free booknotes online

Help / FAQ

<- Previous Page | First Page | Next Page ->
Free Study Guide-Othello by William Shakespeare-Free Online Booknotes
Table of Contents | Printable Version | Barron's Booknotes

Act III, Scene 1


It is early morning after the night of the quarrel. According to custom, Cassio has arranged a number of musicians to play sweet music outside the bedroom window of Othello and Desdemona. Othello does not like the music and sends the clown to send them off.

Cassio bribes the clown to inform Emilia that he wants to see her on some important matter. Just then Iago arrives on the scene. He promises Cassio that he will send his wife Emilia to him. He also assures him that she will try to persuade Desdemona on his behalf. An appreciative Cassio ironically calls him "honest Iago".

Emilia enters and assures Cassio that her mistress, Desdemona, has already spoken to Othello on his behalf. She tells him that Othello’s anger is temporary, and he will soon restore Cassio to his former position, for the general still loves him. Cassio, however, is not fully convinced and wishes to meet Desdemona personally. Emilia immediately takes him to her mistress.

As Cassio presents himself to Desdemona, to again ask her to persuade her husband to reinstate him, Iago and Othello are seen at a distance.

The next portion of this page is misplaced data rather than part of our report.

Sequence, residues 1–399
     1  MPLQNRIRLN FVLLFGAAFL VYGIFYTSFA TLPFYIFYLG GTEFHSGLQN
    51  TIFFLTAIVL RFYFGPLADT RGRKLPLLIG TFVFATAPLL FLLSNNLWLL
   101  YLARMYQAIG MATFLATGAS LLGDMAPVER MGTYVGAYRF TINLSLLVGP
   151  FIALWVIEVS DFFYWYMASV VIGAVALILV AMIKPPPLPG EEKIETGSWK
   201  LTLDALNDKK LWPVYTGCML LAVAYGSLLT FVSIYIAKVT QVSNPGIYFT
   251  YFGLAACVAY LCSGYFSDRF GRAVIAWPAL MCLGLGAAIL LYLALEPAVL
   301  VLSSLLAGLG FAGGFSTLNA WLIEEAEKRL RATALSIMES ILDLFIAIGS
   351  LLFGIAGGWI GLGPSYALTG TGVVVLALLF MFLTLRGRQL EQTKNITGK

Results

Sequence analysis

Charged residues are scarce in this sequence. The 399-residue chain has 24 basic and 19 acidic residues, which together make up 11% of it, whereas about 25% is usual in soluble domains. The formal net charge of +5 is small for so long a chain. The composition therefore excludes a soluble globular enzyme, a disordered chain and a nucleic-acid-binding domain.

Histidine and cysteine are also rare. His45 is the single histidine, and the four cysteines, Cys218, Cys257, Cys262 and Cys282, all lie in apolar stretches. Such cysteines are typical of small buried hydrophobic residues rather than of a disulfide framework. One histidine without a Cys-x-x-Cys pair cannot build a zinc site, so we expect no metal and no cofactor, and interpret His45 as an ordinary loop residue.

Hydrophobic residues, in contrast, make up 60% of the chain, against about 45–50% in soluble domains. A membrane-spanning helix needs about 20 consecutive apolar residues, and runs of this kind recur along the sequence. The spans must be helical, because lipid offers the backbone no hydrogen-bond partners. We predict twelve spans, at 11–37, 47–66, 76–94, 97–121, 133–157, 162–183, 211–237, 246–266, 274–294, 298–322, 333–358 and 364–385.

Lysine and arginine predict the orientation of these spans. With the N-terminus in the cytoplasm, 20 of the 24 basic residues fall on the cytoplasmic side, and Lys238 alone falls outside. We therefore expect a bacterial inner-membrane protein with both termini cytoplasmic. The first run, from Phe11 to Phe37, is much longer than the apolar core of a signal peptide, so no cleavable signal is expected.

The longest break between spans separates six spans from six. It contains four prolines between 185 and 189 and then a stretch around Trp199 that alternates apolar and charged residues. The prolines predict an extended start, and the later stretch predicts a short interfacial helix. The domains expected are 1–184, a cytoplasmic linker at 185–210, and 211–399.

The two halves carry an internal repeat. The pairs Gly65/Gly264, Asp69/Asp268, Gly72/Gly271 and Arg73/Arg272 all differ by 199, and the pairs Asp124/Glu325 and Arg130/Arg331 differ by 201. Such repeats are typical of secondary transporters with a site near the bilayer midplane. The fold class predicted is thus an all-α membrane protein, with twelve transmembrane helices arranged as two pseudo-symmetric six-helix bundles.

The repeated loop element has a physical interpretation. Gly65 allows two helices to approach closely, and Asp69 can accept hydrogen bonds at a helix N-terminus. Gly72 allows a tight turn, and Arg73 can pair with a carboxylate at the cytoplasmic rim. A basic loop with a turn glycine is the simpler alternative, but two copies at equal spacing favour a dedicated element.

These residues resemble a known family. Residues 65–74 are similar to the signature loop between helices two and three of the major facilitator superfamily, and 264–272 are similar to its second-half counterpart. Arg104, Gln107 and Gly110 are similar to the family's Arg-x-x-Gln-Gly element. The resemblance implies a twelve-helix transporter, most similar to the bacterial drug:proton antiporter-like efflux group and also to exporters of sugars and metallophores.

The first scene of the third act provides a brief and somewhat comic interlude. The humorous dialogue between the musicians and the clown is lively, especially the bawdy jokes about tails and wind instruments. At the end of their comic interchange, Cassio sends the Clown to Emilia, asking her to come out and speak with him.

The real business of the scene begins with Iago’s entrance. He promises Cassio that he will take Othello out of the way for awhile, so that he can talk freely with both Emilia and Desdemona. Emilia tells Cassio that Othello feels obliged to make an example of him, but intends to reinstate him at a convenient moment. Emilia is perfectly sincere in her desire to help Cassio, as shown in her final lines. The audience realizes that she is acting unwittingly as Iago’s instrument.

The importance of this short scene is that it establishes that Desdemona, Emilia, and Othello are desirous of rehabilitating Cassio at the first opportunity. Iago must act quickly. In addition, the scene puts Cassio and Desdemona together, so that Iago can later draw Othello’s attention to the fact that they are together.

Table of Contents | Printable Version | Barron's Booknotes

<- Previous Page | First Page | Next Page ->
Free Study Guide-Othello by William Shakespeare-Free Plot Summary



All Contents Copyright
All rights reserved. Further Distribution Is Strictly Prohibited.

About Us
 | Advertising | Contact Us | Privacy Policy | Home Page
This page was last updated: 11/12/2023 12:26:27 AM